Peanut Butter Tree

Clerodendrum trichotomum (pronounced kler-o-DEN-drum trik-o-TO-mum), more commonly known as “Harlequin Glorybower” or “Peanut Butter tree” is considered invasive in some states. It is prone to whiteflies and aphids, and may be troubled with leafspots. It suckers readily. Birds spread the seeds far and wide. The short tree or multistemmed shrub has a loose structure and an unkempt appearance. I grow it anyway.

Why grow something that has multiple issues? Fragrant white flowers appear in summer. When the bloom petals fall, the calyxes remain behind and turn a deep rose. The round seeds are an eye-catching metallic blue. Crushed leaves smell like peanut butter, providing entertainment for young garden visitors. This small tree survives in dry shade but will flower better and have more berries in sun. These benefits outweigh the trouble of pulling out seedlings or cutting off suckers that rise from roots.  The species cannot pollinate itself, so if berries are desired, add a second plant from different parents.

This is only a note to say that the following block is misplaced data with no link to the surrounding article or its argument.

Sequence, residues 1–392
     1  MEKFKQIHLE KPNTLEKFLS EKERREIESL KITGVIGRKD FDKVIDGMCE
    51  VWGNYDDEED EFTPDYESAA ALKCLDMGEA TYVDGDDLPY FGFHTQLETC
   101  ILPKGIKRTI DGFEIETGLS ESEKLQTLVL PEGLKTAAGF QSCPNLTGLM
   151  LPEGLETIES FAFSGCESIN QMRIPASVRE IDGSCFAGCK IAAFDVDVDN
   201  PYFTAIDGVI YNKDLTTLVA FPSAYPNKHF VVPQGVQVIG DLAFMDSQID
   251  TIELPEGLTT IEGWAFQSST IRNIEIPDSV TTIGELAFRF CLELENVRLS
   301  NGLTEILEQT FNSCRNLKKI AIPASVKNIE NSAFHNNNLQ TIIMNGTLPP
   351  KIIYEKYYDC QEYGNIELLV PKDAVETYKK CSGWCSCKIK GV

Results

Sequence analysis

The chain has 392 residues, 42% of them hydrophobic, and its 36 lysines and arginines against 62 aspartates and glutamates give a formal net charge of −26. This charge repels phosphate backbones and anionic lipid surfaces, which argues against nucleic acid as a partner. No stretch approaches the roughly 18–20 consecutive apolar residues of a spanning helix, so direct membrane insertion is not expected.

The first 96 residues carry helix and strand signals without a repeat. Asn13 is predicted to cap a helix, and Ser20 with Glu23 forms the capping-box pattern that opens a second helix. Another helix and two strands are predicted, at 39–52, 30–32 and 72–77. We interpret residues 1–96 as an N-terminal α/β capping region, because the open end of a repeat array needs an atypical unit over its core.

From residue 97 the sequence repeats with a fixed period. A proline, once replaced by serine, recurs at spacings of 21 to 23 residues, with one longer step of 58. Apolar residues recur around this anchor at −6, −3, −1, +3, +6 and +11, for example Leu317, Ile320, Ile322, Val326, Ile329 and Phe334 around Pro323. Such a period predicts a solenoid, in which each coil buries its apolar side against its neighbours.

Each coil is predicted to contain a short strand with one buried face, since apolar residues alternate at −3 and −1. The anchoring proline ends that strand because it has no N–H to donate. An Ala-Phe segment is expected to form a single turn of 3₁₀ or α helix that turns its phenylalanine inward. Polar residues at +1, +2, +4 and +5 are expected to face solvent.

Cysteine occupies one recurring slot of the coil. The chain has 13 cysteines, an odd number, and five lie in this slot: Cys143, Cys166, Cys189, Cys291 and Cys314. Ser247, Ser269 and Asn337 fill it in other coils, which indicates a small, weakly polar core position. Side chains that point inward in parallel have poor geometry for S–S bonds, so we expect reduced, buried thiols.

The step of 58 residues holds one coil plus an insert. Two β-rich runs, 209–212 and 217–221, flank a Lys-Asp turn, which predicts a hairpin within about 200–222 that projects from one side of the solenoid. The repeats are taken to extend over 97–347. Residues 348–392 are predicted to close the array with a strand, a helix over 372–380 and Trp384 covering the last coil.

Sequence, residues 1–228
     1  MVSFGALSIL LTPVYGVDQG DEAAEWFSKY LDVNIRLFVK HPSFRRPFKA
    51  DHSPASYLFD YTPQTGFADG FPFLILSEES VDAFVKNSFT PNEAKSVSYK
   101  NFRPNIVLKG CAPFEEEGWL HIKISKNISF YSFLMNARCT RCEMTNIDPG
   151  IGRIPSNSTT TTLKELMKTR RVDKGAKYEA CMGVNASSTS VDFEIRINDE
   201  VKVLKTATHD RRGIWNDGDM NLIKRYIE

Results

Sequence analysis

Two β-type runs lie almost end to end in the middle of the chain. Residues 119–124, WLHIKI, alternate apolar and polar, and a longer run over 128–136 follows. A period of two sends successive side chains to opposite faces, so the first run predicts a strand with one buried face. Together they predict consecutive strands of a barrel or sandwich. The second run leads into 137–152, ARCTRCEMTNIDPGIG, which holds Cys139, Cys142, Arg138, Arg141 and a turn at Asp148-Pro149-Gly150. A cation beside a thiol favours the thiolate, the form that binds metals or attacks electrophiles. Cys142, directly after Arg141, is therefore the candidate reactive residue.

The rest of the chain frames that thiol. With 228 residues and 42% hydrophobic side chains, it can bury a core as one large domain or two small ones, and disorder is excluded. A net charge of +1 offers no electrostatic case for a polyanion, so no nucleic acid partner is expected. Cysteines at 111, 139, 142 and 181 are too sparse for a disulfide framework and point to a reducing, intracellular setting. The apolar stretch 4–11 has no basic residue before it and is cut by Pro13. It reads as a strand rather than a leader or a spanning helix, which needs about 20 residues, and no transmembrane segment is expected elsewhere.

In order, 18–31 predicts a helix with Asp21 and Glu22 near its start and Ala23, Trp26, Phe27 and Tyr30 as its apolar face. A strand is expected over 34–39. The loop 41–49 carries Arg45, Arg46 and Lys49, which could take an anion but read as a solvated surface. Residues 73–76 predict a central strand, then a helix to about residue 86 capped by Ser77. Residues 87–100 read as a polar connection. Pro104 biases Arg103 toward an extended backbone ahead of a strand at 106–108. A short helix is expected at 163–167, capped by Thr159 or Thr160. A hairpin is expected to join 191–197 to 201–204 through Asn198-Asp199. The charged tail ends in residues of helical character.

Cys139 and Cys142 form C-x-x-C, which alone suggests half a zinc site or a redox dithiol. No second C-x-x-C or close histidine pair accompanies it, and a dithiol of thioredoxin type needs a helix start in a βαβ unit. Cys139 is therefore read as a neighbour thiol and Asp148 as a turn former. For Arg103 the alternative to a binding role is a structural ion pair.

I think Clerodendrums look best when trained to a single-trunk form. The tallest ones in the Mary Snoddy garden are just under eleven feet.  There is a cultivar with variegated leaves, but the leaf coloration tends toward green with only a touch of white, which makes it look more like a sick plant than a variegated one. Clerodendrum trichotomum has a cousin, Clerodendrum bungei with a similar appearance but smells like over-scented soap. The common name is “Cashmere Bouquet.” 

Harlequin Glorybowers are tolerant but, like most other plants, they look best in moist, fertile soil. They are cold hardy in Zones 7-10. The shrub/tree loses every leaf after frost in my zone 7B garden. Its bright seed display fills a flower void in the garden between Crape Myrtles and Sasanqua Camellias, which makes it an autumn standout.